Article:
Via texas in africa, Edward R. Carr explains what we know about the cause of the burgeoning famine in Somalia:
The long and short of it is that food insecurity is rarely about absolute supplies of food – mostly it is about access and entitlements to existing food supplies. The HoA situation does actually invoke outright scarcity, but that scarcity can be traced not just to weather – it is also about access to local and regional markets (weak at best) and politics/the state (Somalia lacks a sovereign state, and the patchy, ad hoc governance provided by al Shabaab does little to ensure either access or entitlement to food and livelihoods for the population).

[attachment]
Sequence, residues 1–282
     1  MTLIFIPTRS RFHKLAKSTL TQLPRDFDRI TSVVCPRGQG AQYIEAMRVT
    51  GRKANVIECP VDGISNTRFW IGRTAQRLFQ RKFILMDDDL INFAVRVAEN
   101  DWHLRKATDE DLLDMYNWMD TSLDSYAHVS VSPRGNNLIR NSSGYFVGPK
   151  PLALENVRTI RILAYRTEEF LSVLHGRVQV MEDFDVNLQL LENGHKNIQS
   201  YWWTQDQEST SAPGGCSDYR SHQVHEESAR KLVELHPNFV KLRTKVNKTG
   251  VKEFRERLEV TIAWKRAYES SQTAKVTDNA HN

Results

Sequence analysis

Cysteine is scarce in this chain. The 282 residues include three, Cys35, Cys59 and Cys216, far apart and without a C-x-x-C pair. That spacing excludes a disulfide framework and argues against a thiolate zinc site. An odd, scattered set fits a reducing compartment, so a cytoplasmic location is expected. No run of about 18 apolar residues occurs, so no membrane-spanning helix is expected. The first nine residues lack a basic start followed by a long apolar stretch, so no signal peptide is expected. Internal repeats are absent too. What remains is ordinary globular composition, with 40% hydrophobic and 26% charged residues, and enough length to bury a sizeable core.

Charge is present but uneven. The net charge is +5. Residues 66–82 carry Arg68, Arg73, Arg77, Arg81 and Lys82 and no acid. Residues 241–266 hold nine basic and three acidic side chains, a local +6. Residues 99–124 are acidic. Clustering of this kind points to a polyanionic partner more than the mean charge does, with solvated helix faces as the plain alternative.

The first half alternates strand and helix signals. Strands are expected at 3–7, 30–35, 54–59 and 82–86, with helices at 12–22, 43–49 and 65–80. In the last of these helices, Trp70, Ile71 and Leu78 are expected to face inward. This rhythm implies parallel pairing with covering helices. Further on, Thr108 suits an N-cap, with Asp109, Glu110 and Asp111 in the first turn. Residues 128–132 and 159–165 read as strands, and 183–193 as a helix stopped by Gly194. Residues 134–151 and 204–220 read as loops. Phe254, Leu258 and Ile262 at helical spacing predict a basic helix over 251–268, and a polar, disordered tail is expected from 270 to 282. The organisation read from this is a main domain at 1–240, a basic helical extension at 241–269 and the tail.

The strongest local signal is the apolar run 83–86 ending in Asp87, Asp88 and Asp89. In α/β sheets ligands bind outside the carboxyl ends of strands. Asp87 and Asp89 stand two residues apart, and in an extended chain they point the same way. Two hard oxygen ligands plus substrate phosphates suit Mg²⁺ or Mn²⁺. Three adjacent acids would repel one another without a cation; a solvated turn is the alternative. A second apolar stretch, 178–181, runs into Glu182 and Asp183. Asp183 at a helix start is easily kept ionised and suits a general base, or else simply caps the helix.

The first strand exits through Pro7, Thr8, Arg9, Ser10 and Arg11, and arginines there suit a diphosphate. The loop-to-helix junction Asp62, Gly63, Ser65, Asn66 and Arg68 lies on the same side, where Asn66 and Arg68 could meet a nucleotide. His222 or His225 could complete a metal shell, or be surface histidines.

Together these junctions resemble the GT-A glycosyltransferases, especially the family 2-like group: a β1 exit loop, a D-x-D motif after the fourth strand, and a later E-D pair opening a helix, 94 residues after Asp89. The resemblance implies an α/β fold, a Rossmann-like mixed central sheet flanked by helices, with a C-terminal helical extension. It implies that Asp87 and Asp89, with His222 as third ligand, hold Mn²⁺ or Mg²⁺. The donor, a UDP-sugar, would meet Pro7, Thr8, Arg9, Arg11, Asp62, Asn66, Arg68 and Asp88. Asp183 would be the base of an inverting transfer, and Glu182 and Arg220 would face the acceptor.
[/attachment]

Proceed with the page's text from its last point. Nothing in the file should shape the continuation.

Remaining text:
For those who doubt this, look at the FEWS NET maps I put in previous posts (here andhere). Famine stops at the Somali border. I assure you this is not a political manipulation of the data – it is the data we have. Basically, the people without a functional state and collapsing markets are being hit much harder than their counterparts in Ethiopia and Kenya, even though everyone is affected by the same bad rains, and the livelihoods of those in Somalia are not all that different than those across the borders in Ethiopia and Kenya.
This is of course the central contention of Amartya Sen’s excellent Poverty and Famines: An Essay on Entitlement and Deprivation. Famines, defined as mass death through starvation, are the preventable consequence of bad weather – and now, as throughout history, they do not happen in functioning states with democratic governments.